During the last eight years a number of best selling books ridiculing religion have come on the market. The most well known among them are The God Delusion by Richard Dawkins, The End of Faith by Sam Harris, God Is Not Great by Christopher Hitchens and Breaking the Spell by Daniel Dennett. All of these books are excellent critiques of religion. They all have one drawback, however. Their criticism is directed almost entirely at the three Abrahamic faiths. I believe the eastern religions (primarily Hinduism and Buddhism) are equally deserving of criticism. I am offering here a critique of Hinduism which may be developed further by others.
The beginnings of Hinduism are contained in the Vedas, especially the Rig Veda, the earliest of the four Vedas. A fundamental tenet of Hinduism is that the Vedas are infallible. So, if these books are truly infallible, why do they contain nothing about bacteria and viruses? Books which are infallible should surely contain information about medically significant facts! There is also nothing about calculus, chemical elements, neuroscience or any other useful information an infallible text should have.
Another central tenet of traditional Hinduism is the caste system in conjunction with the Law of Karma. The Law of Karma posits favorable consequences for the individual in a future life for morally meritorious deeds performed in this life. Any member of a lower caste is supposedly suffering punishment for misdeeds committed during a previous life! Such a doctrine is quite clearly a fiendishly clever doctrine designed to buttress the power of the Brahmins, the traditional priestly caste. Aside from the moral defects of the caste system, such a doctrine clearly discourages the striving for excellence and creativity necessary for the advancement of knowledge. Needless to say, absolutely no evidence has ever been adduced for the belief in reincarnation or for an afterlife of any kind. All of the "near death experiences" reported to date can be easily explained as hallucinations caused by extreme stress or trauma.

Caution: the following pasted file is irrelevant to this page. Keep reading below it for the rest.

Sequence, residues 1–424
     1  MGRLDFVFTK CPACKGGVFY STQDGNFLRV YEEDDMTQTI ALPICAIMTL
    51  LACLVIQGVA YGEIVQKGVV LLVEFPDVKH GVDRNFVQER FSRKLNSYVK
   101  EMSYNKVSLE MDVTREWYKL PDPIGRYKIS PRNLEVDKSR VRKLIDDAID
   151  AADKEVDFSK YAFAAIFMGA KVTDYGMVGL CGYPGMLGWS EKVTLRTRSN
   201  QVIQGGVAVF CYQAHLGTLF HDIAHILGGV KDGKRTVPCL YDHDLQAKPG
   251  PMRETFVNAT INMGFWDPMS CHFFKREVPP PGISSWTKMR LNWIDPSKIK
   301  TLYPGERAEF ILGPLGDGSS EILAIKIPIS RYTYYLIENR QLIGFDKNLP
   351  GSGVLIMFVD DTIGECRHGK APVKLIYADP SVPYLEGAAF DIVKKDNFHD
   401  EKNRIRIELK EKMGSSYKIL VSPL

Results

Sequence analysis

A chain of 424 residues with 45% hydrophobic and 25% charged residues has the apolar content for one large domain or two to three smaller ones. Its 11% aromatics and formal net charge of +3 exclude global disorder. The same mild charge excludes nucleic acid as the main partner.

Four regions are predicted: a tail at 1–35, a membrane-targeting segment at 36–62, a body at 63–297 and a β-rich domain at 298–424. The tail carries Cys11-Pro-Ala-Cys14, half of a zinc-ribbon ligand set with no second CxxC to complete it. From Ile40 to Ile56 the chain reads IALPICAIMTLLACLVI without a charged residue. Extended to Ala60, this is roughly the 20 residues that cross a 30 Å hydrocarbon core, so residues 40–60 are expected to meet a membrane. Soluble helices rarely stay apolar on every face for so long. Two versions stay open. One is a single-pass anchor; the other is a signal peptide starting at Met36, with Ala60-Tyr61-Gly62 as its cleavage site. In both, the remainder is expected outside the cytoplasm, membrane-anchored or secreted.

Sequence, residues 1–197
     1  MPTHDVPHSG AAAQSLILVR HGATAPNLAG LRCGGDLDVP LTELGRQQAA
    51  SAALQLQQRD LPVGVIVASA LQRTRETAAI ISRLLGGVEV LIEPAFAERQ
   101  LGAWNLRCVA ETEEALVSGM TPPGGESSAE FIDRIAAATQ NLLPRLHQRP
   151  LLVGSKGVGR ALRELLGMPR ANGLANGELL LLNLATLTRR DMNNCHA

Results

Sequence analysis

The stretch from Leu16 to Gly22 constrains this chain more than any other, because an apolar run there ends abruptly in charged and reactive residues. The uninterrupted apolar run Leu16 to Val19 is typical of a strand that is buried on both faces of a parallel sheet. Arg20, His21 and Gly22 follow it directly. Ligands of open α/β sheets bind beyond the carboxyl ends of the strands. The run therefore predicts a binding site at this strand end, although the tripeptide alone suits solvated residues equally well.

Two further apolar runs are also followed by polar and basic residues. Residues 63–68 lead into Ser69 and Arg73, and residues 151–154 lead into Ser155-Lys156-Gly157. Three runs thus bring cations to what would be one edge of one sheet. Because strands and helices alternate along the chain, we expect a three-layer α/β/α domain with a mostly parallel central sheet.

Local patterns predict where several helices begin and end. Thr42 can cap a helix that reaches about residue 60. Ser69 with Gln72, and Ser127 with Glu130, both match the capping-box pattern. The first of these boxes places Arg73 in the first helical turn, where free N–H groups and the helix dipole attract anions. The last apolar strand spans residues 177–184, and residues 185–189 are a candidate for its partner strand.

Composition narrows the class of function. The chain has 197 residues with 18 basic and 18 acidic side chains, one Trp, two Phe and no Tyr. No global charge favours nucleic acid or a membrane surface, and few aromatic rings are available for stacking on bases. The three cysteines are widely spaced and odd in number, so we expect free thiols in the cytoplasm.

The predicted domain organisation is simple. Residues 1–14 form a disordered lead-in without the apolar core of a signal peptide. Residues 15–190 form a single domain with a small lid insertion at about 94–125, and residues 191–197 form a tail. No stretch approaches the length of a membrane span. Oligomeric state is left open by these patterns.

While the Bible claims the earth has existed for only six thousand years, the Vedas claim the earth , including Indian civilization, has existed for 1.9 billion years! Both time scales clearly contradict the painstakingly unearthed findings of modern science. Similarly, neither the Vedas nor the Bible mention the theory of evolution through natural selection. Fundamentalist Hindus, like their fundamentalist Christian counterparts, therefore reject evolution. Finally, the Vedas claim intelligent beings exist on other planets as well as on the sun!
Many intellectuals would agree with the criticisms I have leveled so far but will maintain that the philosophy of Advaita Vedanta as expounded in the Upanishads is a deep and subtle system of thought. Such is not the case. As with other idealist philosophies, it cannot withstand the scrutiny of modern neuroscience. We now know how injury or deformity in specific regions of the brain lead to specific personality or mental disorders. Our mental faculties are clearly a function of chemical and electrical reactions in the brain. While the details of the interactions are still not completely understood, one can be certain that mental processes are an epiphenomenon of physical processes in the brain. No consciousness has ever been observed outside a brain!
A full discussion of these issues would require considerably more space than is available here. However, one can definitely surmise that a philosophy which considers the material world to be an illusion and material comfort to be unimportant is not likely to lead to material progress.